"For five or six years Marcel
had worked at the famous painting which (he said) represented
the Passage of the Red Sea; and for five or six years, this master-piece
of color had been obstinately refused by the jury. In fact, by
dint of going and returning so many times from the artist's study
to the Exhibition and from the Exhibition to his study, the picture
knew the road to the Louvre so well enough to have gone thither
of itself, if it had been put on wheels" (195).
The visual arts enjoyed a rise in popularity and respect
after the French Revolution, however, perceptions
of the people who created the works of art were often divergent. Because
of the stance that most Bohemians took, that they were outside of the
Bourgeois culture, they often were not
accorded the same amount of respect as a wealthy business man might be.
As always, both art and artists, were in the eye of the beholder.
Gustave Courbet was a sucessful painter,
and the imagery of this painting, The Painter's Studio: a
Real Allegory shows that. He is someone very much within
the French artistic community and therefore painted an art studio
in a postive light, as an allegory.
|| Gustave Courbet
| Gustave Courbet (1819-1877),
a friend of Henry Murger, painted The Painter's Studio; a Real
Allegory in 1855. In the center of the canvas, the well-dressed
artist creates a beautiful landscape, surrounded by a beautiful
(and naked) woman, a small awe-struck boy, and a host of other
people, including an apparently wealthy couple. Other people,
presumably other artists, are also in the studio, as well as
works of art in progress (such as a statue of the crucifixion)
and signs of other kinds of art, such as a guitar and books.
In spite of this almost chaotic scene, the room is full of golden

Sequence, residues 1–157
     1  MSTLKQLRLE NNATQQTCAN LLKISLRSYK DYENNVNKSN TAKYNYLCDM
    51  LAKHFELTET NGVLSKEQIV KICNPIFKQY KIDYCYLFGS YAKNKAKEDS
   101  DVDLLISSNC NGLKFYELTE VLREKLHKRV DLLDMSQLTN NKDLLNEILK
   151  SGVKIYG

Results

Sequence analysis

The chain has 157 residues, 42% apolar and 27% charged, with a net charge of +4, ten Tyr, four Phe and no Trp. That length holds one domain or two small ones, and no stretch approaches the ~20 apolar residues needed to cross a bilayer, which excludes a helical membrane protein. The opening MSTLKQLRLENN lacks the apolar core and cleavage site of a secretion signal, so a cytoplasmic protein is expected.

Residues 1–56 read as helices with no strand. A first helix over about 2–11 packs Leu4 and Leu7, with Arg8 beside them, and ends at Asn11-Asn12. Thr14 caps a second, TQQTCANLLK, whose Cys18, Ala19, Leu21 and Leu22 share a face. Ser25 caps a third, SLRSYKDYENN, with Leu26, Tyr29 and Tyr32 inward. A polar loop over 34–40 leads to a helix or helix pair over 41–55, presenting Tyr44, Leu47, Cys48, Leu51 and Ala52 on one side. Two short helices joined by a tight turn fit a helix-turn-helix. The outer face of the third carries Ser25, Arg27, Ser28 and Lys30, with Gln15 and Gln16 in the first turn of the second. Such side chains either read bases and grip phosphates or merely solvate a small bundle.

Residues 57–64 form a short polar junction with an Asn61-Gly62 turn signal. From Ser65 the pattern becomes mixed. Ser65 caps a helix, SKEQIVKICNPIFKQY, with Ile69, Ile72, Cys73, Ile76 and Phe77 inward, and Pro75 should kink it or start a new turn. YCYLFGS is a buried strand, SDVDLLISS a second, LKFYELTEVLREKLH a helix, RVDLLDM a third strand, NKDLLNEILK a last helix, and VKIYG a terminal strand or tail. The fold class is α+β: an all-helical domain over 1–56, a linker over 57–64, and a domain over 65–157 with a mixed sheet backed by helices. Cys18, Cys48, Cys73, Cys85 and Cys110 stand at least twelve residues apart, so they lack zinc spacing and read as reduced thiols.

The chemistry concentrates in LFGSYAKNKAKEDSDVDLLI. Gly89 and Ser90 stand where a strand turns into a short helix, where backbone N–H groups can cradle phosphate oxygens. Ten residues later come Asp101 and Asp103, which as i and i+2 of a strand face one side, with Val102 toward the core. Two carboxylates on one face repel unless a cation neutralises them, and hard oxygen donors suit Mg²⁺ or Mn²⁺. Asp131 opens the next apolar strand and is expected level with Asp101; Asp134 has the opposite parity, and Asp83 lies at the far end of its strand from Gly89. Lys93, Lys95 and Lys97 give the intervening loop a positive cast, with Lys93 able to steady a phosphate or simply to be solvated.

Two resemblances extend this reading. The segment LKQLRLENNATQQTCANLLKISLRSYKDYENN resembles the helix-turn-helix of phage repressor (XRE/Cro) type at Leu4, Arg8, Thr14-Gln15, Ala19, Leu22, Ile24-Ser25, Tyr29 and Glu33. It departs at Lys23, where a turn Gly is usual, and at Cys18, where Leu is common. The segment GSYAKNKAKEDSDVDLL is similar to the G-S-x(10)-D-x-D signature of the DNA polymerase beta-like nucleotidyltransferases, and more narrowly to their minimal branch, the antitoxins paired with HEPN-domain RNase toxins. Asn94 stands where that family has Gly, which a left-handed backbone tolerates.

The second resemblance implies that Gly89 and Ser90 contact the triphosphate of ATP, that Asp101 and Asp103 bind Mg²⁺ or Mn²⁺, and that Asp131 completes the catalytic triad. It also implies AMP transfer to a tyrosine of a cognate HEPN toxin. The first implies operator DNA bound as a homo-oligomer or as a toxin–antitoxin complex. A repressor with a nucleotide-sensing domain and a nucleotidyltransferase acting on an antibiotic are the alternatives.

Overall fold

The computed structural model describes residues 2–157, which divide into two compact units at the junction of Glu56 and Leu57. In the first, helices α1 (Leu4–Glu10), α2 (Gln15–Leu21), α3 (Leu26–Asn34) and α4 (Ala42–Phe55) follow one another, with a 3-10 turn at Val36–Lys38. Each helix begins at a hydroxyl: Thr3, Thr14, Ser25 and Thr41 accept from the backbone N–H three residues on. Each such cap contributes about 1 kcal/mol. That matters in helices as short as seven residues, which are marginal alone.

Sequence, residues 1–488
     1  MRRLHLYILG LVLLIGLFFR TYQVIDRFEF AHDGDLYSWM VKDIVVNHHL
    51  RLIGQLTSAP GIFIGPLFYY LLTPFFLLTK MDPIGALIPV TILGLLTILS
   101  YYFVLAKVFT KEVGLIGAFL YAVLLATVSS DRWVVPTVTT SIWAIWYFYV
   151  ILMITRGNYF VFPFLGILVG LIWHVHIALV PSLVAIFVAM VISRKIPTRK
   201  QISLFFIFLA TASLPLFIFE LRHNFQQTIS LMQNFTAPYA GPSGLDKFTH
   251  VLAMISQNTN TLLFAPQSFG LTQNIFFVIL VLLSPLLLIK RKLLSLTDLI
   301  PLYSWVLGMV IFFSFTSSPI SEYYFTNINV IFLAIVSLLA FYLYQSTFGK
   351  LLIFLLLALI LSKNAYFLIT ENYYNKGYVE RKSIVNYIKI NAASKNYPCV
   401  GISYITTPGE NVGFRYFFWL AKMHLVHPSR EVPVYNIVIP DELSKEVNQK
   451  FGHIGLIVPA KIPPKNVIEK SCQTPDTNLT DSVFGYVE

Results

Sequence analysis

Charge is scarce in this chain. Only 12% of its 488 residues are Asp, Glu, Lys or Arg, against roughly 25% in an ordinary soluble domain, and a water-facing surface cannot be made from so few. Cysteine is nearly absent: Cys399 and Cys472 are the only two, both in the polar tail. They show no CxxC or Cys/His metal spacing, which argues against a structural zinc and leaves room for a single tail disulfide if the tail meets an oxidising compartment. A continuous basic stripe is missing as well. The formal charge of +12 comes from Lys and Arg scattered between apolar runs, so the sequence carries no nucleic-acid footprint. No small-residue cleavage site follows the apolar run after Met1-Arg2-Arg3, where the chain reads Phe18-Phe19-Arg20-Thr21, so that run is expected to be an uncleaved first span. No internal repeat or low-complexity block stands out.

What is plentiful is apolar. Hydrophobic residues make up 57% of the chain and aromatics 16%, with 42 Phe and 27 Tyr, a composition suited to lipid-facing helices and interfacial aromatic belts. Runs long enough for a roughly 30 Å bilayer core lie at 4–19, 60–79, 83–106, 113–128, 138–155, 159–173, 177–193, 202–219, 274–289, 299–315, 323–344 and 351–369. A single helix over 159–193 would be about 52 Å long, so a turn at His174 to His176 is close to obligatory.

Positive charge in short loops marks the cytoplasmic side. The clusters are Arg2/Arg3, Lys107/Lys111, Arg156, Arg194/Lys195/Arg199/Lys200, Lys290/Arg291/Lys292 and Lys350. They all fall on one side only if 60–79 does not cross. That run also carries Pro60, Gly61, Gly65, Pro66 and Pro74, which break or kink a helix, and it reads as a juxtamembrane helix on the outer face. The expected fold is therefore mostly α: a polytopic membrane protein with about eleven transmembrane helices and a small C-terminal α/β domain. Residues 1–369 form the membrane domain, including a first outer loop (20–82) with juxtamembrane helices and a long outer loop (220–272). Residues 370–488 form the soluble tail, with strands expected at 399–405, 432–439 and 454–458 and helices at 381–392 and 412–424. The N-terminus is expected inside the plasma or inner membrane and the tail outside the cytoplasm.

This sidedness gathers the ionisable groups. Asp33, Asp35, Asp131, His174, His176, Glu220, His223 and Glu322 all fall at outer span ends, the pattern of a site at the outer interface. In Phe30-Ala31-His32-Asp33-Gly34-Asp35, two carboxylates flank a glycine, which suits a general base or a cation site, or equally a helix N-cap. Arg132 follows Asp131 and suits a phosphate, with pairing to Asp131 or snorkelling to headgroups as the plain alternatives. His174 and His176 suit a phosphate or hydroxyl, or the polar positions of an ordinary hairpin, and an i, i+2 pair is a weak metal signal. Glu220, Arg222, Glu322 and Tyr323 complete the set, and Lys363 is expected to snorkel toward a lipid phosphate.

light and the painter seems to be much appreciated.
Thakeray described the lives of Bohemian
artists in his Paris Sketch Book, published in 1840. This
volume was created for a British audience, and its aim was to
lampoon the whole of French culture. Thackeray devotes a section
of the book to discussing young artists. The sketch below is
just such a lampoon. Each artist, dressed in styles
that differ greatly from those of the typical Bourgeois of the
day, painstakingly paints the model who poses in the corner.
Note the beards and long hair which really flew in the face of
the fashion of the day.
The life of the young
artist here is the easiest, merriest, dirtiest existence possible.
| William Thackeray
| An excerpt from Thackeray's Paris Sketch
Book: He comes to Paris, probably
at sixteen, from his province; his parents settle forty pounds
a year on him, and pay his master; he establishes himself in
the Pays Latin, or in the new quarter of Notre Dame de Lorette
(which is quite peopled with painters); he arrives at his atelier
at a tolerably early hour, and labors among a score of companions
as merry and poor as himself. Each gentleman has his favorite
tobacco-pipe; and the pictures are painted in the midst of a
cloud of smoke, and a din of puns and choice French slang, and
a roar of choruses, of which no one can form an idea who has
not been present at such an assembly.
- William Makepeace Thackeray